Adventures in Thanks-Living

Living the gift of life one breath at a time

Archive for the tag “hunger”

Simple Lent & Simple Food

If you live in North America, you live in the land of abundance. We have a staggering array of options when it comes to food. Just going to the grocery can be overwhelming if you shop at a store like Wegman’s (a store that was a guilty pleasure when I was on internship).

Maybe we have too much choice. Perhaps our choice has caused us to lose focus of the process of how our food is produced, processed, and marketed to us. Is it just to purchase a piece of fruit out of season that has traveled thousands of miles and burned a lot of carbon? Do we even remember how to eat seasonally, to put food by, or to support our local farmers and farm markets?

The shocking thing is that even in this land of  plenty, almost 49 million Americans struggle to put food on the table each day. The average SNAP (Supplemental Nutrition Assistance Program) allotment is $4 per day per person. In the United States alone, more than 16 million children live in homes where food is scarce. The situation globally is even more grim, and increasing hunger is likely to lead to violence as people fight over resources.

What can people of faith do? First of all, we can become more aware of the situation, especially in our own communities. You don’t have to look very far to find those who are hungry in your own home town. Secondly, we can examine our own patterns of consumption. How much do you spend on groceries each month? Have you ever broken it down by day and per person? You might be surprised. Now add the amount you spend dining out and on quick snacks and luscious lattes. It will be far more than $4 per day.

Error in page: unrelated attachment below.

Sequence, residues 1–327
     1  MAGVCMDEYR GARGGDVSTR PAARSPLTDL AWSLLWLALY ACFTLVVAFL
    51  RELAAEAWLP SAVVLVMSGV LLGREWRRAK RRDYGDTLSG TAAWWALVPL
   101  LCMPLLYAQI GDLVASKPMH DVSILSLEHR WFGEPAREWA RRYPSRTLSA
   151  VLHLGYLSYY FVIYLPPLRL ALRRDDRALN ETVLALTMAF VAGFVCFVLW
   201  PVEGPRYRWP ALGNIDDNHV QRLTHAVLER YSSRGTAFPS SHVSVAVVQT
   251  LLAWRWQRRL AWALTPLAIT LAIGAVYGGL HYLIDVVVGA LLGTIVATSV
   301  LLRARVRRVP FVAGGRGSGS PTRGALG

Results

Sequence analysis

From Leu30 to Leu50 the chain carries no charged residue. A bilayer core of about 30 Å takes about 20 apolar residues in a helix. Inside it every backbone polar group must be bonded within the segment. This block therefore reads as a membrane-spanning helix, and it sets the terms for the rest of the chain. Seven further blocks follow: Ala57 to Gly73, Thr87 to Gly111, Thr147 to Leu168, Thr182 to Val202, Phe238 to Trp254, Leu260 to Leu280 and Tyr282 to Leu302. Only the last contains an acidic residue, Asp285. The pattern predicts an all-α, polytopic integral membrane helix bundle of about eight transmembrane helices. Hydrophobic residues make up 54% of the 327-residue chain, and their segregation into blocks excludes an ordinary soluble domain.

How might you simplify your consumption? How could you eat more responsibly and healthily? How can you find ways to work toward the elimination of hunger? For starters, check out the work of Bread for the World, for example, and become involved in being a part of the solution. Then find your local soup kitchen or food pantry and volunteer. Plant an extra row or two in your garden this year and give that produce to the hungry.

We decided during Lent we would simplify our diets as much as possible, increasing our consumption of legumes, avoiding processed foods, and continuing to support local farmers and economies. My spouse even gave up desserts for Lent. Tonight we dined on pinto beans, cornbread, and cabbage. It was a wonderful meal that cost only about a dollar each and was healthy and filling. We are also constantly aware of our waste stream and try not to waste food. Each year we are adding another raised bed or two, increasing the size of our garden.

Sure, these are small actions, but when we all take small steps good things happen. We have the capability to eliminate hunger in our world. To do so we must all be mindful of the choices we make and of how these choices reflect Jesus’ command to love our neighbors.

Here’s an idea! Instead of going out to eat, why not invite friends over for a shared meal. You provide the entree and beverages and invite your friends to bring a dish to share. You’ll have a good meal and an even better time. If you are adventurous consider a theme that puts an upper limit of how much can be spent on each dish. Keep it simple. Keep it real. Make it fun. Nobody said Lent had to be a completely grim experience.

Above all, pray for open eyes, open hands, and a heart that is willing always to share and set an extra place at the table. The Creator of the Universe deals in abundance. As the people of God we need to live from abundance, too.